Camellia 'Taylor's Perfection' is looking far better this month than it did last month.

When the temperatures warmed up and the humidity level dropped, 'Taylor's Perfection' produced more flowers but it's been less bountiful than in prior years

I've been surprised by how well the snapdragons I planted as plugs are doing this year.

Snapdragons (Antirrhinum majus) are usually covered in rust within weeks of my planting them but this year, perhaps because it's been so dry, rust hasn't been a problem.  I water them by hand and I've avoided getting any water on the foliage.


In contrast, the Iceland poppy (Papaver nudicuale) plugs I planted have done absolutely nothing thus far.

They've previously bloomed for me as early as January.  I even gave them a bloom booster fertilizer this year without any result thus far.

The biggest impact the rain had this week was to scrub the foliage clean.

All five Drimia maritima (sea squill) bulbs planted on my back slope have produced foliage despite receiving little water.  The foliage will die back when temperatures rise before the plants bloom in summer.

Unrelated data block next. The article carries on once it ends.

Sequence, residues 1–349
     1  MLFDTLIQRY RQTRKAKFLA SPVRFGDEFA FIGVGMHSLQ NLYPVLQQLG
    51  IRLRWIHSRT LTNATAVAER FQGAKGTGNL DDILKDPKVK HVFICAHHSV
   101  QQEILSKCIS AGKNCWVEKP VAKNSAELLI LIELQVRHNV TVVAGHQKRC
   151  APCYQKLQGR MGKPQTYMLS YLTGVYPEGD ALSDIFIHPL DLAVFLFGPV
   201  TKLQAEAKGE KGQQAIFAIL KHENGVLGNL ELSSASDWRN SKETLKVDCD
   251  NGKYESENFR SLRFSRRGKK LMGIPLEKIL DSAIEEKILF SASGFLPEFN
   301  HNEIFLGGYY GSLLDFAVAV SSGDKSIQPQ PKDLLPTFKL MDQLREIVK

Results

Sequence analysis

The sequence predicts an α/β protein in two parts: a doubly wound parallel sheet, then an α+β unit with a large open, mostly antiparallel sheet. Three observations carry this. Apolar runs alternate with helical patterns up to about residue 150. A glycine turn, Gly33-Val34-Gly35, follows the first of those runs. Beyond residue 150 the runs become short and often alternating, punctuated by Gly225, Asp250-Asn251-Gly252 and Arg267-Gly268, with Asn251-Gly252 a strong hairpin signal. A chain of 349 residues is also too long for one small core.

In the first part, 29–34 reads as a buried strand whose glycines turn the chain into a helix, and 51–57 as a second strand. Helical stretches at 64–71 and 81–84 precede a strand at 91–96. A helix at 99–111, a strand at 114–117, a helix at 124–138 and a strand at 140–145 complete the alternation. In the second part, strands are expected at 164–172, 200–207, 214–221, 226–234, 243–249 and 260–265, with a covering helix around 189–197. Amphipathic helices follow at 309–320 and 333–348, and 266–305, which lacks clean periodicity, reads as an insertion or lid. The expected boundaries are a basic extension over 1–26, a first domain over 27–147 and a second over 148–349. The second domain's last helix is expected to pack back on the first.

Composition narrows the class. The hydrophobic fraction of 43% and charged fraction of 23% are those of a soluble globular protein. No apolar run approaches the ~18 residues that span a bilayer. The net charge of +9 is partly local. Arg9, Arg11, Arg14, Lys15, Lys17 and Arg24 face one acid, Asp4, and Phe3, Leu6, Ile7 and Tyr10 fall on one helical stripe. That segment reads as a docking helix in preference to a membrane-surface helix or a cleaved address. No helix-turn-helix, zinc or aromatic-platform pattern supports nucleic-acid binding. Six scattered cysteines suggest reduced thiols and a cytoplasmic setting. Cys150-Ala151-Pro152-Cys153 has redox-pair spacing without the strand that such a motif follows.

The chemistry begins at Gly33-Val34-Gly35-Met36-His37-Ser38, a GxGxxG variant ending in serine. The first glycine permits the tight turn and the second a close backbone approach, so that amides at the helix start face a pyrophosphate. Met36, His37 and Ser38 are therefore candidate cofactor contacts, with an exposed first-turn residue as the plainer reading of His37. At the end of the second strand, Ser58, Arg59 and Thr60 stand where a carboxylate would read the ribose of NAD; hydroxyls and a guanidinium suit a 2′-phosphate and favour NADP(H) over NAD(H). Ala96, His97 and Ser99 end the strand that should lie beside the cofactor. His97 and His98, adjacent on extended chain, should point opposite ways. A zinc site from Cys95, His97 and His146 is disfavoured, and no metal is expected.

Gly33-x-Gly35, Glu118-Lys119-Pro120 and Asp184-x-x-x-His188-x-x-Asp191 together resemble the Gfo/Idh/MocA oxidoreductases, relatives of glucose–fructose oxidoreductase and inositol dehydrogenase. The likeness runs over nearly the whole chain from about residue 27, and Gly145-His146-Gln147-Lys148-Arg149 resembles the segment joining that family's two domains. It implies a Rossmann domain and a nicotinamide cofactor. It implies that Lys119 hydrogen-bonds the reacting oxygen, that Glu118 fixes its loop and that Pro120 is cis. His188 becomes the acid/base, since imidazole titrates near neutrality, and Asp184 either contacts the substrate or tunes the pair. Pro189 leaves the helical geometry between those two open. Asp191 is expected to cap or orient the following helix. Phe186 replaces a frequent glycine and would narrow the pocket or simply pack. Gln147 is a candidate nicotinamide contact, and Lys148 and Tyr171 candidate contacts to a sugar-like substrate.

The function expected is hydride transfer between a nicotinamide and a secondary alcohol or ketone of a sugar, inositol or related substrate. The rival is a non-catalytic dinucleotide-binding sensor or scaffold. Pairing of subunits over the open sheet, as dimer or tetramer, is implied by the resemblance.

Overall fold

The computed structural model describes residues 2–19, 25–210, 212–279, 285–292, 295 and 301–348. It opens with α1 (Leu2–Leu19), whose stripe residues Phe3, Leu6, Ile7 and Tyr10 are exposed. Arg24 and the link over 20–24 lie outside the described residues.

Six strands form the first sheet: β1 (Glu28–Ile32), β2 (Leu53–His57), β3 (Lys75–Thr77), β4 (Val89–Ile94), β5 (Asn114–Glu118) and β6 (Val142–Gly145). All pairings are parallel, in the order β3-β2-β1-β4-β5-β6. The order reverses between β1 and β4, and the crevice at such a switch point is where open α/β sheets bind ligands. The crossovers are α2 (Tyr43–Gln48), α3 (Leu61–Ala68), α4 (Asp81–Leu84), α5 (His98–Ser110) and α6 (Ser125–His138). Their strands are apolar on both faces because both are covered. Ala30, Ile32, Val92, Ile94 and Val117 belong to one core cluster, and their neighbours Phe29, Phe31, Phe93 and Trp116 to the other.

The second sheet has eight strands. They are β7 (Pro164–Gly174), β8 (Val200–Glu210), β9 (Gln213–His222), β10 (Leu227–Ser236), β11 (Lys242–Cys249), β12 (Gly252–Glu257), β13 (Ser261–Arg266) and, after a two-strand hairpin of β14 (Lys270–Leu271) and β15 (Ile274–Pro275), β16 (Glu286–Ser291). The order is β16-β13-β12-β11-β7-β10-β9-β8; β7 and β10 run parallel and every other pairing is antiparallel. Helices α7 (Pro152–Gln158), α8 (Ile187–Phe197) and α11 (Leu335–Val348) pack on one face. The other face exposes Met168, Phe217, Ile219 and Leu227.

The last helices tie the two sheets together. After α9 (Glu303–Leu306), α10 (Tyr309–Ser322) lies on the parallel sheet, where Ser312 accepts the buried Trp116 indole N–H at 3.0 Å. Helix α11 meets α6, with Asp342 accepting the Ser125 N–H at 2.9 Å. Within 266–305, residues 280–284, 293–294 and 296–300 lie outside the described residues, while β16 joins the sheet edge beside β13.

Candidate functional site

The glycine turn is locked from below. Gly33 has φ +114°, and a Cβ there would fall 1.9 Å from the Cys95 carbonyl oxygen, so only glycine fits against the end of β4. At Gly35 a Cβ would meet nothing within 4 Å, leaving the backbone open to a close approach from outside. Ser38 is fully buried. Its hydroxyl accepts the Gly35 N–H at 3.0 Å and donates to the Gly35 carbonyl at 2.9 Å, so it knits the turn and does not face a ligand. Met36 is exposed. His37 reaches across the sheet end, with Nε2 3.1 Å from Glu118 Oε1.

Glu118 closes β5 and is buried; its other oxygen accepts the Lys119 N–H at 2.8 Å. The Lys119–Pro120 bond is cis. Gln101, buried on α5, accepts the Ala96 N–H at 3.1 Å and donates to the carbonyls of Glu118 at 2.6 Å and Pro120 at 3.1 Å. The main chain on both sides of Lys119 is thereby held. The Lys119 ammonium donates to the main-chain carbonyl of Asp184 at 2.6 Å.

This is a another gratuitous photo of my south side garden.  There aren't many flowers in this area but the succulents and other foliage plants are looking great.

I'm expecting a mail order delivery of plants today on top of two smaller orders delivered earlier this week.  Conditions here are expected to be sunny and warm this weekend so I'll be keeping myself busy in the garden.  I hope conditions in your part of the world allow you an opportunity to putter outside as well.  Enjoy your weekend.


All material © 2012-2021 by Kris Peterson for Late to the Garden Party


Wednesday, March 3, 2021

Wednesday Vignette: A sprinkle of stardust

At last week's visit to South Coast Botanic Garden, the floral display that most impressed me wasn't that created by the tulips or daffodils but rather two apricot trumpet trees located in the garden's upper meadow (Handroanthus chrysostricha x impetiginosus, formerly classified as a hybrid Tabebuia).

I was on my way to the exit, passing the Fuller sculpture in the Mediterranean garden, when I saw the trees peaking up above the foliage, reminding me that I'd intended to swing by there

Two little girls, with their mother or caretaker seated on a bench in the shade nearby, were playing under the flowering trees

Wearing princess dresses, they looked like fairy sprites, enjoying a world that only they could see.  I decided to keep my distance so as not to disturb their play.